SXSW Film 2015 Review: TURBO KID

By Mark Saldana

Rating: 3.5 (Out of 4 Stars)

If Menahem Golan were still alive and he and Cannon partner Yoram Globus had collaborated with Lloyd Kaufman of Troma and director George Miller, Turbo Kid would be their movie love child.  After watching this fun, endearing, and soon to be cult-favorited flick, one can easily see the influences of Cannon, Troma, and  the Mad Max series.  From writers/directors Francois Simard, Anouk Whissell, and Yohann-Karl Whissell, known as the RKSS Collective, this SXSW Midnighter has its tongue planted firmly in its cheek, and obviously is a throwback to 80s, post-apocalyptic movies.  The strong writing, skillful direction and solid performances of the cast helped Turbo Kid to win the Audience Award Winner for best Midnighter Feature.

Set in a post-apocalyptic, dystopian future, The Kid (Munro Chambers) travels the wastelands on his BMX bike surviving as a scavenger, collecting remnants and mementos of the past, such as toys and comic books, and bartering other, more practical items for water, supplies and food.  Because of his love for comics, The Kid fantasizes about becoming a superhero, but the reality is that he may not have the courage to do so.  He gets his chance to prove himself once and for all when he crosses paths with the vicious and ruthless Zeus (Michael Ironside), the self-proclaimed ruler of the wastelands.  Working with his new loyal friend Apple (Laurence Leboeuf) and a grizzled drifter named Frederich (Aaron Jeffery), The Kid must step up, face his fears, and become the hero the wastelands need.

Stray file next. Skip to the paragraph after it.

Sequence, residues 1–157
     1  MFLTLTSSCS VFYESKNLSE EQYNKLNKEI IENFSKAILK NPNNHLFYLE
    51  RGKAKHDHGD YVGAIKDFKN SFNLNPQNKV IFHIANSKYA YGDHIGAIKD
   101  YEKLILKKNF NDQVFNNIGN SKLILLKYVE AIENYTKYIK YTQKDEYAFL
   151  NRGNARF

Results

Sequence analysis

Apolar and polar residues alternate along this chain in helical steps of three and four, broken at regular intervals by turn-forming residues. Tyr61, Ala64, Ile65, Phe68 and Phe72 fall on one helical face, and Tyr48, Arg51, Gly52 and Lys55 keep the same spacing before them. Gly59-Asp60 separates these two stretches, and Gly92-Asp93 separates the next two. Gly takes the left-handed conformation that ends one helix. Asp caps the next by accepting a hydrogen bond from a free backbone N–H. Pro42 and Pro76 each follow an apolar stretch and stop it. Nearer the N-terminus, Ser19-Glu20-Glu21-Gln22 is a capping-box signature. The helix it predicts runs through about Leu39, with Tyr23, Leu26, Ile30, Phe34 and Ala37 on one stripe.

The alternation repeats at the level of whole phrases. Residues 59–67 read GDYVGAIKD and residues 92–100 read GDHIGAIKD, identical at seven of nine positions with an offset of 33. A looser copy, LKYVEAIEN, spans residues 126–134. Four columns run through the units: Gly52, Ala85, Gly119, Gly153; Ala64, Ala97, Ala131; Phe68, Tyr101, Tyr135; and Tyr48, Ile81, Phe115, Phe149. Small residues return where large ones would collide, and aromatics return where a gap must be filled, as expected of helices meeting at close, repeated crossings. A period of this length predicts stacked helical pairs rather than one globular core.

I enjoyed this movie so much that I had to watch it twice at the festival.  Full of hysterical humor, wild, sometimes, over-the-top violence, and lovable fun characters, Turbo Kid is an awesome tribute to a deliciously fun genre of films prevalent during the 1980s.  The film takes me back to my childhood/pre-teen years when I would stay up late and watch the movies on cable TV that I wasn’t normally allowed to see. Anyone who grew up during that era will absolutely adore this film.  Audiences will also adore the lovely and talented Laurence Leboeuf who portrays the often hilarious side-kick Apple.  I was more than thrilled that the film won the Midnighter award, because I cannot think of any other film at the festival which could define that category as perfectly as Turbo Kid does.

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